Protecting the rights of capitalists at the cost of workers’ lives

The UK government’s handling of the coronavirus pandemic has been shambolic from the very start. From their failure to implement a national lockdown early enough which resulted in 20,000 additional deaths according to Professor Neil Ferguson (who was scientific advisor to the government at the time) to their widely criticised re-opening of various sections of the economy before it was safe to do so, it is becoming clear that the UK’s response to the pandemic has been one of the worst in Europe, and possibly the world.

The measures which have been implemented by the government are the subject of national confusion, as various pundits attempt to explain the contradictory pronouncements and regulations. Attempting to keep track of the shift in policy is an exercise in futility as rules are changed frequently and with little warning, due primarily to the fact that the government wishes to ensure that the pandemic has as little impact as possible on capitalist profits.

I previously wrote an article about the impact that the Coronavirus Act would have on the working class. You can find that original article here. Continuing the theme of poorly thought-out regulations imposed on the British public without notice, the government has now decided to implement the so-called “Rule of Six”. This is a belated and thoroughly insufficient attempt to prevent the second wave, of which experts have been warning for the last several months.

The new rule comprises a nationwide limit on the number of people that can attend social gatherings to six. Fines for non-compliance begin at £100, doubling with each repeat offence up to a maximum of £3,200. The rule only applies to social gatherings organised by ordinary members of the public, with economic activity allowed to carry on as normal.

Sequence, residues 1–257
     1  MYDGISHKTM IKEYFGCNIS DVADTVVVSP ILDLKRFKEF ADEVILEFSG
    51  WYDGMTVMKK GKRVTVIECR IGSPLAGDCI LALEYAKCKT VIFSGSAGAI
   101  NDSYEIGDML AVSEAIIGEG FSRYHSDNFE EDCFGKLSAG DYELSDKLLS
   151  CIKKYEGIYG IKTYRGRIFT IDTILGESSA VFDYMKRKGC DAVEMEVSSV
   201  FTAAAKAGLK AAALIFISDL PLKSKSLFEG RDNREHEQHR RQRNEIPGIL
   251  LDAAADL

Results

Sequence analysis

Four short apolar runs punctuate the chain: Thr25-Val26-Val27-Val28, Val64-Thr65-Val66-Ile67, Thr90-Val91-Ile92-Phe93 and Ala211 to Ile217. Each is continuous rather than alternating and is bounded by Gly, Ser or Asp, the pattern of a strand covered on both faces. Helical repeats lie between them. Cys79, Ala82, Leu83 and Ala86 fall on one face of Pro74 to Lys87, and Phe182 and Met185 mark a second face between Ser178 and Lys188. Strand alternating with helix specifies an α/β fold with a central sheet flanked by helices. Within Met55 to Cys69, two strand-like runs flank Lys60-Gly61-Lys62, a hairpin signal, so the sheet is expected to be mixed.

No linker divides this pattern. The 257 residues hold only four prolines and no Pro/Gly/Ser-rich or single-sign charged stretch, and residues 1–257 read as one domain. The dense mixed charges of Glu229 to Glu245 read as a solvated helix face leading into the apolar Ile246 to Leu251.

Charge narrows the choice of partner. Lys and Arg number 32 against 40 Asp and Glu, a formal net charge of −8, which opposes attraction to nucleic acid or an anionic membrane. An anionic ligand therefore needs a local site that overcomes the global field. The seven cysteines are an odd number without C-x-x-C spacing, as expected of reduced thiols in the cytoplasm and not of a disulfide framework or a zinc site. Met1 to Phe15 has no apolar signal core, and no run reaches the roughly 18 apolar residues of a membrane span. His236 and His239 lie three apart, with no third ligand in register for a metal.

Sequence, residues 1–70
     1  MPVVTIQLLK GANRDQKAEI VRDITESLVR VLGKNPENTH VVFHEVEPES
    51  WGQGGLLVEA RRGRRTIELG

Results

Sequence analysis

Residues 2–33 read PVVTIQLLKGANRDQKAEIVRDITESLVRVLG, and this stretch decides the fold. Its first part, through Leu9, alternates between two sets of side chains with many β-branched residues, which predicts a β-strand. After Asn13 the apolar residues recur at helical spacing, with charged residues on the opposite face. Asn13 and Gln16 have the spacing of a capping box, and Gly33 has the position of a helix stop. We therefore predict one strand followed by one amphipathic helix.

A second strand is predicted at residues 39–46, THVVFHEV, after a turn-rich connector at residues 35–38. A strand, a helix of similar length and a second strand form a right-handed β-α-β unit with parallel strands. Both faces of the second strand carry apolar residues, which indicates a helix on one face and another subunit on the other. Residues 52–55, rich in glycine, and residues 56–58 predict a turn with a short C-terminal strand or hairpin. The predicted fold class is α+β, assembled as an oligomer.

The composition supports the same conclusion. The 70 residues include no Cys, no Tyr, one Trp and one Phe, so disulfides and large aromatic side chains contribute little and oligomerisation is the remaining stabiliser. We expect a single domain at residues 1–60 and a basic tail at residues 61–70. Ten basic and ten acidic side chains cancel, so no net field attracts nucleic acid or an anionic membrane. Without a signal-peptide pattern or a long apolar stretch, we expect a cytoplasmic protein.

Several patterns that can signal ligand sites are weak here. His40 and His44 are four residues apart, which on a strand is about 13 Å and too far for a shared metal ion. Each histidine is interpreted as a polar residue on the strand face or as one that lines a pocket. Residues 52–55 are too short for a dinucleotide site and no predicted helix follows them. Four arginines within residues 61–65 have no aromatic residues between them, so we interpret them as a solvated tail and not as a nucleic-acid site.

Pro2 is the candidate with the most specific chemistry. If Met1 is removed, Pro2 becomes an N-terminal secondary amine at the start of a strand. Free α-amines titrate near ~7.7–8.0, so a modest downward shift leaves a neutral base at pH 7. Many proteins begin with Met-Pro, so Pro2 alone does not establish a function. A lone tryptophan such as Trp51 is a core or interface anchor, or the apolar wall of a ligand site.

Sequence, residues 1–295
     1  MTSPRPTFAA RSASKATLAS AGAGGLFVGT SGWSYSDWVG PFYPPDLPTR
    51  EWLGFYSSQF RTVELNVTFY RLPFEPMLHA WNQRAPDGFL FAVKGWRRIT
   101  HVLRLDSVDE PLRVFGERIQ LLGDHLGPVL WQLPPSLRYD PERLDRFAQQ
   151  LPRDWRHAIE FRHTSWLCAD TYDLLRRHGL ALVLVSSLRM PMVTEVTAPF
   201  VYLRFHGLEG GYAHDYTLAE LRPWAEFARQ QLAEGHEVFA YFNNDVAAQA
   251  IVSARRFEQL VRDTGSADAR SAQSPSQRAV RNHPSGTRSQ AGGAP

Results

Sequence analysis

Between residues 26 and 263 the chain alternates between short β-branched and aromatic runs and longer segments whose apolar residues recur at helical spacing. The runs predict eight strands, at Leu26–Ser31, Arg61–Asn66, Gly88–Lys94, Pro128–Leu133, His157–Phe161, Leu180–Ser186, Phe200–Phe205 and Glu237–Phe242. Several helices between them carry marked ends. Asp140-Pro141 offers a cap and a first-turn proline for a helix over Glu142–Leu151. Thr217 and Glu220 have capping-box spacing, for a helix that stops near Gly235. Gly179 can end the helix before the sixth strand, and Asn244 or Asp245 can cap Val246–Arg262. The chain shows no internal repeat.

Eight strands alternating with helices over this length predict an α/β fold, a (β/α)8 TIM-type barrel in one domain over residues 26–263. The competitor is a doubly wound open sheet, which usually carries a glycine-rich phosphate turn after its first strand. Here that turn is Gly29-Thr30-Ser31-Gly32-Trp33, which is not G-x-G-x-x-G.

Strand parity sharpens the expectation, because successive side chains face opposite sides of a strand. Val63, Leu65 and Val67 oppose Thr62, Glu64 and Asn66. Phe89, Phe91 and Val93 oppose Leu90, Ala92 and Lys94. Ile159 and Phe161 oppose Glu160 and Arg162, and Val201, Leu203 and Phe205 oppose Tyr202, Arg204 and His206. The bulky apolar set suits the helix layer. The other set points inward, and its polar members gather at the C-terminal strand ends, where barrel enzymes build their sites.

The level of the fine is not based on a sliding scale dependent on earnings but is rather a flat fine imposed on all members of the population, regardless of socio-economic status. This makes it easy for the rich to flout the new law with impunity, as the level of any potential fine they will receive is only a fraction of their earnings. For members of the working class, receiving a fine even of £100 could be devastating.

This creates in effect a two-tiered regime in which rich people are able to do as they please, increasing the threat of coronavirus to all members of the public, while the poor face punitive fines for seeing their friends and family while simultaneously being forced to work in unsafe conditions.

The list of those exempt from the new requirements demonstrates the priorities of this government. This new rule only applies in venues without a commercial element, such as parks, homes and gardens. Pubs and restaurants are to remain open, as of course are offices, schools and factories. Coronavirus only spreads where no-one is making money, it would seem.

The government’s contempt for working class people is clearly demonstrated by the list of sports which are and aren’t allowed under the new rule. Only so-called “organised” sports involving groups of more than six people are allowed, with fines potentially being imposed for playing sports which are not considered to be “organised”.